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Monday, May 27, 2013

really cool nature: sloth. {nsm}

Our question for today is, are sloths, as their name implies, really slothful?
I'll let you decide for yourself. Let me know what you think in the comments, if you feel so inclined! :)


These little guys are absolutely fascinating. The way they move, the way they live, their seemingly bemused expression... I like them. We've run into a few on occasion, though surprisingly, we've never seen any in captivity here. Either they were 'what's for dinner' in one of the villages Micah visits (I know... sad), or we happened to see one in the low bushes or trees on the side of the road (or on the side of the boat, in the case of the video above). I think they're otherwise kinda hard to spot when we're out and about in the really tall trees, but honestly, I haven't actually purposefully tried to look.

The most interesting bits from personal experience are: 
They have a very strong grip. Once they grab onto a branch, it's difficult to deter them.
They can swim! Who'd a thought it?
They move more quickly than rumor would have it.
Their claws LOOK dangerous, but they are seldom aggressive.

Basic facts & myth debunkers:
While it has been rumored that sloths move so slow that moss grows on their hair, this is not at all true. Sloths do not always move slowly. But their movements certainly do look almost mechanical (see linked video below). While normally, their moves seem measured and certainly unhurried, they have been known to move very quickly if defending their territory (males) or their young (females). All the sloths we've seen personally have not been all that slow. Think ground to tall tree top in 2 minutes or less.

One thing's certain, these strange creatures are utterly un-slothful in their bathroom habits. Matter of fact, they make their way all the way down from their tree lodgings at least once a week to go number two. Not only that, but when they get to ground level, they actually dig a hole with their stumpy little tails and bury their excrement. Now, I know that's the kind of thing you've always wanted to know... You are so very welcome. :) It is interesting, though, isn't it??

The greenish hue that some sloths take on is actually from algae, NOT moss. But along with the algae, scientists have found all sorts of other yummies in hanging out in their hair, read the scientific paper to find out what those things are.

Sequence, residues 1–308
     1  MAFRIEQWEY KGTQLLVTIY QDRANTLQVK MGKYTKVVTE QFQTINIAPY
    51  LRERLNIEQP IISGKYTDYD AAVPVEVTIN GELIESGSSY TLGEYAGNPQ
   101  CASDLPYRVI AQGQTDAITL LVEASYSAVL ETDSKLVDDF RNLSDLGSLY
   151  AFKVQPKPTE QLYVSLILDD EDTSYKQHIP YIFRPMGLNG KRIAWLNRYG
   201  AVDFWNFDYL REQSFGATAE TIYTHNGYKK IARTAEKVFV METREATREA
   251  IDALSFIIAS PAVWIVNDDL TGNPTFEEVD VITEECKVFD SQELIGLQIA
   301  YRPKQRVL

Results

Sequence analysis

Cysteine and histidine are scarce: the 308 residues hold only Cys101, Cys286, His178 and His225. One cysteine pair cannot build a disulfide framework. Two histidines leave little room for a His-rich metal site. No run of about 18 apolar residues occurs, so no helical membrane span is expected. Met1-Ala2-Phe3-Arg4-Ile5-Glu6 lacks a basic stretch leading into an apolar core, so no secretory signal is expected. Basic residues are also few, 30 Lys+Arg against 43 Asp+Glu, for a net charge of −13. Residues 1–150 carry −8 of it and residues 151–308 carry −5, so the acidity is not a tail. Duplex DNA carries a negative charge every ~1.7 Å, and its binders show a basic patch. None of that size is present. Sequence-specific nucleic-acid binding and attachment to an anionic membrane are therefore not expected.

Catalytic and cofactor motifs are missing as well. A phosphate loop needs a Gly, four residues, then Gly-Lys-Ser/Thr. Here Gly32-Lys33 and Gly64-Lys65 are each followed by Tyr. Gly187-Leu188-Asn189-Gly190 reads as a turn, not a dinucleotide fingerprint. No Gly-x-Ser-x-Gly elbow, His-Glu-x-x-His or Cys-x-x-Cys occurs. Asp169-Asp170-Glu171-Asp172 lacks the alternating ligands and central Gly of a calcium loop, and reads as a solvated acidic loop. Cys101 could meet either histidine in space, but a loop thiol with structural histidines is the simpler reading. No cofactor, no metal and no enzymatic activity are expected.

Sloths usually have a favorite tree (a modal tree), but may roam about between 10-40 trees. They are said to consume about 10% of the trees' leaf/bud/blossom output. But, thankfully they are good stewards, taking their ecological responsibility seriously and are efficient fertilizers (remember how they use the bathroom?). I found thhe author's viewpoint in one of my books, though not intended to be, almost humorous on this point:
"This scenario may be pure wishful thinking on our part; there may be a more parsimonious explanation for the hygienic ways of the sloth. But we like to believe that in the arduous, dangerous descent of the sloth there is a metaphor, a message urging humans to show a similar regard for conserving the fertility of the tropical rain forest."
Adrian Forsyth and Kenneth Miyata, in
Tropical Nature, Life and Death in the Rain Forests of Central and South America
Metaphor or no metaphor, as people who appreciate God's generous gift of Creation, home to innumerable incredible animals like the sloth, we ought to be conscious of our responsibility to be good stewards of it. The same goes for every other gift we're given, right? And, why not take the sloth as an example? For this reason, I resolve to take my compost pile more seriously from now on. :) I think I shall even christen it the sloth pile.

Helpful links:
Do you find sloths fascinating? You are not alone because, "Scientists are fascinated by sloths" and have been for good reason. Read the article full of randomly awesome slothful tidbits here.

Visit a sloth sanctuary! - VERY fun to read through the posts. :)

Watch a great video showing very un-slothful sloths' movements.

Read ARKive's data on the type of sloths we see most frequently near Tarapoto, Peru:

GenusBradypus (1)

Can you spot the sloth in the trees?!

...and the differences!! ;)

Color in your own sloth!! (right click and save image as)

For more really cool nature posts, see the linky below!

We're accumulating posts for sharing our nature studies in May... Won't you add yours to the list?
Please feel free to share the following image in your post inviting your readers to come on over and join us, too! The more the merrier!! :)


1 comment:

Shirley Ann said...

I absolutely love the Sloth Amy! I think they are just so SO cute! Thanks for sharing a bit more about this fascinating creature :o)

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